My Winter Years


These are my winter years –
when regret and recrimination ravage the soul.
Half-remembered memories rattle like marbles
in my brainpan and conspire against my forward vision.
My voice is but an opium whisper, and offers no defense
in the foul darkness of my affliction.

The souls of my feet rest upon a cushion of prayers that
never took flight, for my appeals were falsely laid;
and in this moment, I am content to lie upon my prickly bed,
dankly scented with the sweat of whores and cheap whiskey.
I offer no apology, and upon God’s ear none would surely fall,
for upon my cross He has forsaken me to my earthly merriment.

The familiar smell of petrichor wafts through my open window,
and for a moment the abyss before me appears clean washed and inviting,
stretched beneath a crescent moon like the hangman’s noose.
My dreams are shards of colored glass laced with the blood of my inequities,
The cold hours of this night unwind slowly, but unwind they do
while my eyes yearn to see Death’s gnarled fingers
reach out for me in the gray fog of morning.

These are my winter years –
when the mirror of my existence reflects the harshest light
and my bones rattle in contempt.
Free will was never intended for men like me
whose eyes grow dim with temptation’s agony.
If He had plans for me, He kept them to Himself,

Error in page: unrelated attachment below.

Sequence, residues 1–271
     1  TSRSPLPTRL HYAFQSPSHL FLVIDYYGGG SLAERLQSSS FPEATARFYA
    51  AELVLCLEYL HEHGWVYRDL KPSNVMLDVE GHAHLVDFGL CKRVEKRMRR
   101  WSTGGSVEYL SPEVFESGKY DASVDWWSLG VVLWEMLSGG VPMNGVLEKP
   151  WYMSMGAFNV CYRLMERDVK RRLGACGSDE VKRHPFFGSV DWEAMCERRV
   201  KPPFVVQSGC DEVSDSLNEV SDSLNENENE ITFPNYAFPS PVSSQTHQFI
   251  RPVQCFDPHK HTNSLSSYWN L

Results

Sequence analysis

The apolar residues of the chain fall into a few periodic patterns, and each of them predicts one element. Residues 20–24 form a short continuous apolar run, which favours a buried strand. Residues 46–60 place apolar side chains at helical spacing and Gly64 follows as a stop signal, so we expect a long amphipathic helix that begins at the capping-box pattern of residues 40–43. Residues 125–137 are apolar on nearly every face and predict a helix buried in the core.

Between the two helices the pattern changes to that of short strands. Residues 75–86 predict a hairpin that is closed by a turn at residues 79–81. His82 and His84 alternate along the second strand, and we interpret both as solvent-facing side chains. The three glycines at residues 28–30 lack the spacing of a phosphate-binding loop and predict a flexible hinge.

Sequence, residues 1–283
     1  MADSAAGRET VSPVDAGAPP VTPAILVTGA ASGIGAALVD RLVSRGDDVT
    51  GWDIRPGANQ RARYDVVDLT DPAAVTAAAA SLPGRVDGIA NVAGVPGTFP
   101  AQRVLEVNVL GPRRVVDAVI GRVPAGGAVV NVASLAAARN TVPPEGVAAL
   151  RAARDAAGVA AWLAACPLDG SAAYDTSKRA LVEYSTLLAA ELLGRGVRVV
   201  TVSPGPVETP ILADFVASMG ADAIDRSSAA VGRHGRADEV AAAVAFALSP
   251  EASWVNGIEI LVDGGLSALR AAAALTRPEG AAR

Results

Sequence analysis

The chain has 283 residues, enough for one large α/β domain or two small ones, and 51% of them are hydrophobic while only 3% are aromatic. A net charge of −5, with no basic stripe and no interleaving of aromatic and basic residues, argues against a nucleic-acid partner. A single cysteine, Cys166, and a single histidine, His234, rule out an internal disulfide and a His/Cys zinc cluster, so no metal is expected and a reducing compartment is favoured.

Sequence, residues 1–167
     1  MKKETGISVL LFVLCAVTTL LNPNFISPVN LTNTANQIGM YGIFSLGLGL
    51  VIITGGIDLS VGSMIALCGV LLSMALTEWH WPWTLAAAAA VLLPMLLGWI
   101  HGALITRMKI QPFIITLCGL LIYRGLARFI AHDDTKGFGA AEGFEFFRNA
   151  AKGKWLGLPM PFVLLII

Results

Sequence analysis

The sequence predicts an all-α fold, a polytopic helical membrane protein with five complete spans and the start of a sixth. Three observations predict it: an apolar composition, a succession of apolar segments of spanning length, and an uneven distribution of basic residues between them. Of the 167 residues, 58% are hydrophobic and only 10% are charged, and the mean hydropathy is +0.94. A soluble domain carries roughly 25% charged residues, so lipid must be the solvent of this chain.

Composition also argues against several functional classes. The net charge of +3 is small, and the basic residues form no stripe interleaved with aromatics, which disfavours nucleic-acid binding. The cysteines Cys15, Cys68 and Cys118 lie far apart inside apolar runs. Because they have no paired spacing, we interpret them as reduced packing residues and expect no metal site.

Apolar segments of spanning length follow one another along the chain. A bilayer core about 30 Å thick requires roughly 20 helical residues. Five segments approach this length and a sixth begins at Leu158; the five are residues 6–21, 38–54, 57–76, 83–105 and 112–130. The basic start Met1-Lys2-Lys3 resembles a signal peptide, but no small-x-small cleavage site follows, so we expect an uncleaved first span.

and so I have chartered my own course beneath starless skies.

An Addict’s Indifference


Those were the lost years
when my days were bathed in
the hazy, soft glow of fentanyl
and tomorrow never came.
Those were the stacked hours
of feeling nothing
and floating lazily
down the opium river.
I neither belonged there,
or here,
for more than one lucid moment
between applied patches –
On with the new and hungrily
chewing the old.
I was then a woken mummy,
wrapped in dirty layers of
chemical indifference,
stepping haltingly from
light into shadow.
In those years,
my world spun on a shaky spindle,
my North, my South, my East
and West tossed into a
dark, bottomless hole.
Saturdays were spent in
sweat stained sheets,
clothed in smoke and asphalt
as the withdrawals descended;
counting the seconds and praying
Death would gather me in its
dark bosom.
Every four weeks, the pharmacist
would call my name and I would
lather, rinse, repeat.